Chris Pine, Zachary Quinto, Leonard Nimoy, Eric Bana, Bruce Greenwood, Karl Urban, Zoe Saldana, Simon Pegg, John Cho, Anton Yelchin, Ben Cross, Winona Ryder
7th May 2009
New crew on the block
I'll come clean, I'm a sci-fi nerd. That said, I'm an inclusive sci-fi nerd, so my nerdiness takes in the vast expanse of the Star Wars saga and the rich Star Trek universe as well as other shows like Babylon 5, Stargate SG1/Atlantis and the numerous others out there.
There's been an ongoing argument for decades now amongst nerds about which one of the "big two" is better - Star Trek or Star Wars. With the latter shooting itself in the foot somewhat due to some dubious prequel movies, the new Star Trek movie helmed by JJ Abrams kicks it whilst it's down to win the battle and take the crown. Seriously. It's that good.
Having watched what I'll refer to as the Captain Kirk movies recently, I'll admit that they're far richer in story and emotion than the more all-action efforts that followed featuring Captain Picard. As such I was extremely skeptical about this new film which sees a return to the roots of Captain Kirk's trek that actually kicks off from the moments he was born, through Starfleet Academy and on to his first mission aboard the Enterprise.
I was quite worried that this might be the final, final nail in the coffin (the previous nail I thought surely had to be Nemesis
) of a franchise I love so much, and moreso worried initially by JJ Abrams directing as, like so many others out there, he keeps cropping up in my brain unfairly as "that guy who created Lost
" - a show that I found irritating and could never get into. After brushing up on what he's contributed in his career
I was a little less concerned on that front, but still...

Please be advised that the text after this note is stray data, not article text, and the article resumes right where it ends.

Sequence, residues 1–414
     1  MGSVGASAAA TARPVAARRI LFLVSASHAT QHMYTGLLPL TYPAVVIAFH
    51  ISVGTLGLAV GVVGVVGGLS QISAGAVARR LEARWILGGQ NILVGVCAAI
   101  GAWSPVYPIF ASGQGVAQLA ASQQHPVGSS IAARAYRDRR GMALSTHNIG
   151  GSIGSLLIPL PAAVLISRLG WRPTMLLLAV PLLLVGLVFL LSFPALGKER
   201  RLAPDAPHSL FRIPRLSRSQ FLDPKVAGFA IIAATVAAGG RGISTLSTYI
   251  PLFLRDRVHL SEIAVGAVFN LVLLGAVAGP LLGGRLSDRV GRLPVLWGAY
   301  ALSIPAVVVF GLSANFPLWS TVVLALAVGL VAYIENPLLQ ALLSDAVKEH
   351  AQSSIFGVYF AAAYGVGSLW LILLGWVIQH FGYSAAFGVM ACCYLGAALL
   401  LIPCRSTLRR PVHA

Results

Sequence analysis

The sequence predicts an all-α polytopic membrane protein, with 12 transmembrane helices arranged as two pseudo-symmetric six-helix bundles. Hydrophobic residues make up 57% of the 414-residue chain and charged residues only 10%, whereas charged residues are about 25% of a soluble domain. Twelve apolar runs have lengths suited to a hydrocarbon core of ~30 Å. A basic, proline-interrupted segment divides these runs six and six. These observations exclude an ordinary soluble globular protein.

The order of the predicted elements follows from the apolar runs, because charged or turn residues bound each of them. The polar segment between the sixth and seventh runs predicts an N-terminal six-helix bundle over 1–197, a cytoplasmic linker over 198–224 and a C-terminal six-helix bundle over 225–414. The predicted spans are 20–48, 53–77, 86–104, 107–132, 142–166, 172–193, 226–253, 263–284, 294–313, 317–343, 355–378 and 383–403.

I needn't have worried. The result is perfect. Well, bar a few minor niggles that even I can overlook.
Please note that there might be some spoilers ahead but I'll try not to say anything earth-shattering that you can't work out from the trailers.
Pulling the wonderful time travel card from the deck of Trek playing cards, the film sets out on a series of events that basically allow the franchise to be rebooted - things can be changed from as early as the events at the time of Kirk's birth onwards, so the writers are no longer tied down by events we've seen in series' or films.
The USS Kelvin - Torpedo Magnet
Kicking off explosively with Kirk's father dying bravely aborad the USS Kelvin
whilst saving the entire crew's lives, you're given the overwhelming impresion that this is an altogether different sci-fi beast from those we've seen previously in terms of tone, scale, ambition and sheer guts. Yes, you heard me, I said ambition and guts as I think it's less ambitious and gutsy to do prequels based off a strong franchise (Star Wars
) than it is to essentially reboot one that's not experienced much box office success in it's past few outings (Star Trek
With that event alone, Trek afficionados will be aware that the timeline has already changed as Kirk's father was supposed to live a lot longer than that to steer Kirk through his youth a little more rather than dying at pretty much the moment of his birth. Non-Trek folks will have nothing spoiled by me letting slip that the timeline changes in the first two minutes, as it's quickly apparent that something's greatly amiss anyway - I'll say no more on that subject.